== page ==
February 12, 2020 | By

CXNext Live: How Spartan Race Takes CX from the Digital World to the Racecourse

Most CX strategies don’t require getting in the mud, literally.

Not so with Spartan, creators of obstacle course races worldwide. On the latest episode of CXNextLive, our weekly LinkedIn broadcast, we sat down with Aja Varney, Director of Global Customer Engagement at Spartan, for an inside look at their CX journey.

Here’s the dirt:

Growing exponentially on a global scale: the Spartan way.

In just a few years, Spartan went from hosting a handful of events in Vermont to hosting events every weekend across 56 countries. That requires providing a customer experience that speaks their customers’ language, literally and figuratively.

To do that, you need customer feedback – specifically, in your customers’ local language. Spartan encountered a hiccup when customers in Taiwan weren’t responding to customer satisfaction surveys as expected. They knew they were doing a good job, but there was no interaction. Turns out, the survey was in English.

Luckily, this was an easy fix. But as Aja points out, what you do after a misstep is an opportunity to create greater loyalty. Spartan always looks for ways to turn around a negative experience and make that customer more loyal.

It’s also important to remember that the same experience you’ve always relied on may not make sense in another market. To understand what works, Spartan turns to their customers.

Getting to know the customer. Even when they’re slinging mud.

Spartan encourages all staff, whether in marketing, finance, or customer service, to experience the full customer journey for themselves ­– from registering on the website, to building their team, to going through the racecourse.

Immersing themselves and experiencing exactly what their customers are experiencing gives them tangible ideas on how to improve CX.

Spartan had a lightbulb moment when they discovered that while they were providing a good CX on their website for new and returning customers, the same wasn’t the case on the ground at their events. When they looked at their festival experience through the eyes of a new customer, they discovered it wasn’t as customer-friendly as they assumed. So they went where their customers are. They staffed tents and info booths to understand what that new customer needs, like more signs pointing them in the right direction, people to talk to, a map, or an app that helps them through the experience.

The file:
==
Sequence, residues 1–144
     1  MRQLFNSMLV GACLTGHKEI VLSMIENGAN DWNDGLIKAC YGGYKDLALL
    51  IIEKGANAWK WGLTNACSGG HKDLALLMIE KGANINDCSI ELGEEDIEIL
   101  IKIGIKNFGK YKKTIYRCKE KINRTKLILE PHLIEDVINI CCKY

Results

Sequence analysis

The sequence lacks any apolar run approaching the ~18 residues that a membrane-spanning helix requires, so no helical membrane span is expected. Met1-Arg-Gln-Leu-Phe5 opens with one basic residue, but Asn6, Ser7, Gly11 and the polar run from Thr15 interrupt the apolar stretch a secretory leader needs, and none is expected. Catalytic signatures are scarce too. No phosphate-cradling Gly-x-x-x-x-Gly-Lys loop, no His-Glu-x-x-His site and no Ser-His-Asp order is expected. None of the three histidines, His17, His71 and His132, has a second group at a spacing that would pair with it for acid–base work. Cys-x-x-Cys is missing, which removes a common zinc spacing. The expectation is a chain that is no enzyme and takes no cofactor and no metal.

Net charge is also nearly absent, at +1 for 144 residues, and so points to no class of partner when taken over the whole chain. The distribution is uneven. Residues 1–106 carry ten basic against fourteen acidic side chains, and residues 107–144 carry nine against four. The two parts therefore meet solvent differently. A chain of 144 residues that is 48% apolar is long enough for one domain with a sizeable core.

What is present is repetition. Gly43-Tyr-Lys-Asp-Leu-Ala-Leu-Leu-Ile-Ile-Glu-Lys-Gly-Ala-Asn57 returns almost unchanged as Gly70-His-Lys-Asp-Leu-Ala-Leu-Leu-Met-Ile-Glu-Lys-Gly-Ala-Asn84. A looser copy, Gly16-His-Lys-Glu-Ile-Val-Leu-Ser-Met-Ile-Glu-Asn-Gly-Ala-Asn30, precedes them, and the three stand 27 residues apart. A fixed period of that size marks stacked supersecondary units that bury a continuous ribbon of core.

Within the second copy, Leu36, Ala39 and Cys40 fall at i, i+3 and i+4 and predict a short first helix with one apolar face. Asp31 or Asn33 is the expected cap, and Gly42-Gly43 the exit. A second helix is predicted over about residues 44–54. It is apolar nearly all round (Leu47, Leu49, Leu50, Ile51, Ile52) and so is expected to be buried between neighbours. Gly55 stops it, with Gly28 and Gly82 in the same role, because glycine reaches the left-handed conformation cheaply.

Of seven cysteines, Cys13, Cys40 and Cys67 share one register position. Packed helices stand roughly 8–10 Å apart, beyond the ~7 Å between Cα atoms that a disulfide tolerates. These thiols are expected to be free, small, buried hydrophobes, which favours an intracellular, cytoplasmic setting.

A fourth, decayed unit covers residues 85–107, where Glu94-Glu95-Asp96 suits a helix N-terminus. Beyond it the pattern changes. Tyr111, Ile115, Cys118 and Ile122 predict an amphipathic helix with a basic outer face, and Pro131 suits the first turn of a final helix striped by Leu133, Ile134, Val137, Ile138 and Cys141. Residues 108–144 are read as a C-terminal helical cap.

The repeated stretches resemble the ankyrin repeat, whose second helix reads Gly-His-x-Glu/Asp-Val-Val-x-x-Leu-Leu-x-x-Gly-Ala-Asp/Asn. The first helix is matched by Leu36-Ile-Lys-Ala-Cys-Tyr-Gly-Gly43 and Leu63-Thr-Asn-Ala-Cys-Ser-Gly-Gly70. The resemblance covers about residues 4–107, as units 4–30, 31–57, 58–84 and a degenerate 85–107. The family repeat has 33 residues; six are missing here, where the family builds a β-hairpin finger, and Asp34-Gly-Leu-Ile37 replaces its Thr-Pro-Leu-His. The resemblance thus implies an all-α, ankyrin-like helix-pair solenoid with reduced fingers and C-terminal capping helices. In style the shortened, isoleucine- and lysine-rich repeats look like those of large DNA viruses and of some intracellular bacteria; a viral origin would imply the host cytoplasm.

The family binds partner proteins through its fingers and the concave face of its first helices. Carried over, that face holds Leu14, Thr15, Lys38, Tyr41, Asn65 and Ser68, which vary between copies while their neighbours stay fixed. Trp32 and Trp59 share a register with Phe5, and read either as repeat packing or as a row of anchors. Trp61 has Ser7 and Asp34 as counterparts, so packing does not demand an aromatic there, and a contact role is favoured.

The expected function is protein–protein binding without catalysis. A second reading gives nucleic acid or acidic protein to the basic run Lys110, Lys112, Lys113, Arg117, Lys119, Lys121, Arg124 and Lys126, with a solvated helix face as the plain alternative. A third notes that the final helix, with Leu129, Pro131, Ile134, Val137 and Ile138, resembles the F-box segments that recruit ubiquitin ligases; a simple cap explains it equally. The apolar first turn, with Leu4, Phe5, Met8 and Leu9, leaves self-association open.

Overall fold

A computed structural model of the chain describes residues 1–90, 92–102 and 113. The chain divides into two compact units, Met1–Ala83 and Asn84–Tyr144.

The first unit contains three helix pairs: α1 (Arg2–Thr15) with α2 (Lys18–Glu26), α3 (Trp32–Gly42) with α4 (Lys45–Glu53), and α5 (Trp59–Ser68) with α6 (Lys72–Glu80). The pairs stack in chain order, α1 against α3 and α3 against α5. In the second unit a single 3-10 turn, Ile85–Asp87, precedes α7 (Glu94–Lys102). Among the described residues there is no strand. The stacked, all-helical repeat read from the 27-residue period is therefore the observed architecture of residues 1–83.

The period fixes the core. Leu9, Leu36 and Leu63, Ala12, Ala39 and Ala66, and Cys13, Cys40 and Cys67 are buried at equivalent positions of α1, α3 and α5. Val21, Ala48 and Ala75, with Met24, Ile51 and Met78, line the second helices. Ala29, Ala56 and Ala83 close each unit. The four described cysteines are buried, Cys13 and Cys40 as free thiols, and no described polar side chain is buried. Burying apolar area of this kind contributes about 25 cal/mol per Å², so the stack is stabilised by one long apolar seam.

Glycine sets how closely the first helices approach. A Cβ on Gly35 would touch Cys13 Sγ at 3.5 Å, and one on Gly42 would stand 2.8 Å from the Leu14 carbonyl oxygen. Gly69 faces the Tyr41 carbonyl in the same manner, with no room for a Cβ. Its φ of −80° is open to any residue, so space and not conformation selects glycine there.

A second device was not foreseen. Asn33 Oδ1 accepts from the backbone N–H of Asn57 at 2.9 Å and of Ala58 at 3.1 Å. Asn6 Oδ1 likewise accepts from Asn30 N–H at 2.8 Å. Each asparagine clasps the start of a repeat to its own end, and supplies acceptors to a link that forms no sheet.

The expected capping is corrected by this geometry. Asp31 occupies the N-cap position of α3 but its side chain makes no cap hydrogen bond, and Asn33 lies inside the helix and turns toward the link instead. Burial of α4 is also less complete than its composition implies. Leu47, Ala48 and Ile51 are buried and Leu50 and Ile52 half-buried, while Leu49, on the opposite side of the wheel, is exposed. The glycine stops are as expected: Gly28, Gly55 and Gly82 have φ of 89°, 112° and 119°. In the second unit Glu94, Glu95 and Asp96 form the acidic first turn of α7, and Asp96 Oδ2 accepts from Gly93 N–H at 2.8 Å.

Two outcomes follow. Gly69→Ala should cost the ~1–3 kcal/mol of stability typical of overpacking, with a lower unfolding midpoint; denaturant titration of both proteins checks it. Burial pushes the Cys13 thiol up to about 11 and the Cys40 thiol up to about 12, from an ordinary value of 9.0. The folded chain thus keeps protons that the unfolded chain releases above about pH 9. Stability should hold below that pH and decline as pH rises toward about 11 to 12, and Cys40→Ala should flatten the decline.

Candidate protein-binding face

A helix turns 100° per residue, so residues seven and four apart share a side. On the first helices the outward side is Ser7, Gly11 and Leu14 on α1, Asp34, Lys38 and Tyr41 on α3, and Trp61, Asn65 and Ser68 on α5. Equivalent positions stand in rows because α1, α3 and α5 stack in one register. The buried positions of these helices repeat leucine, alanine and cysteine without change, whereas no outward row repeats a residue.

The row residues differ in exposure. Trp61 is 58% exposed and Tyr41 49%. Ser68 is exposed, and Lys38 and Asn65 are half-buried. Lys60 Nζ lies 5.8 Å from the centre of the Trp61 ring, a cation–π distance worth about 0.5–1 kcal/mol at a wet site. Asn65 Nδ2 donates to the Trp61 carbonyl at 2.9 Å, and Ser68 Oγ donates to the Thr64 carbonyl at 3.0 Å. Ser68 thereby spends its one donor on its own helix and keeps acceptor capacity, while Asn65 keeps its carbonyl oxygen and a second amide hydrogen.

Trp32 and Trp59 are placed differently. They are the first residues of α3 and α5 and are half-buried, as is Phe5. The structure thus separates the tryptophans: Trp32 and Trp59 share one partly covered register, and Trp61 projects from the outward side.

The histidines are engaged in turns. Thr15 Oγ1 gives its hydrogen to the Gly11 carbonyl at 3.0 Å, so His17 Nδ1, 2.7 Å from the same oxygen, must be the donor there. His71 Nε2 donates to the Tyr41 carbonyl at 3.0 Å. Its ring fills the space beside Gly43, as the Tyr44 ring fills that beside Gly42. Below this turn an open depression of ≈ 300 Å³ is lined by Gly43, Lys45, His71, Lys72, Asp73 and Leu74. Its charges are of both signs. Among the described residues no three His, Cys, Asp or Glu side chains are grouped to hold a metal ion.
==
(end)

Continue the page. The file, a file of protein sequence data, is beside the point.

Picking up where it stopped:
Spartan has a lively customer base, and they’re vocal, sometimes with negative comments. Aja’s perspective is, if you’re truly immersing yourself and trying to improve the customer experience, those negative comments are an opportunity to learn. Understanding where they’re coming from and why they feel moved to give you this feedback is really going to help you in the long run.

And it’s good to remember that if a customer is vocal about a negative experience, they’re likely going to be just as vocal if they had a positive experience. That’s why it’s important to turn that experience around.

Leveraging technology to remove obstacles.

With a fully remote team spread all over the world, technology is essential. Starting early on, they relied on tools to collaborate, meet, and get on the same page.

That’s not to say it isn’t a challenge to support customers in both the real and digital worlds. Spartan ensures agents on the ground are as trained, informed, and empowered as the agents answering e-mails and chats. Spartan provides on-the-ground teams with the same FAQ information that backend teams use and give them clear escalation access. If they’re dealing with a customer and need help, they have direct access to senior leadership.

For customers, self-service is a great solution. But Spartan didn’t want a chatbot to convey that they don’t want to speak to customers. So alongside their chatbot, they provide a clear option to reach a live person. What they ultimately found was that having that clear option for plan B, and making the chatbot easy to use, people were happy to self-serve.

Technology is an area where Aja is dedicated to staying current. As she says, if you’re not, somebody else will and their experience for their customer might be more modern and better meet customer expectations.

You don’t want to be left in the dust.

For more of the inside scoop from Spartan, be sure to check out the full conversation between Aja at Spartan and Chris Savio from our product marketing team on CXNext Live: How Spartan Race Takes CX from the Digital World to the Race Course.


About CXNext Live

Tune in weekly as we dig into topics focused around building better customer experiences. In these episodes, LogMeIn’s Ryan Lester, Senior Director of Customer Engagement Technologies, and guests from various roles and backgrounds discuss CX strategy, technology and market trends, recent events, and real-world examples. Find details on the next episode and past recordings at LinkedIn #CXNextLive.

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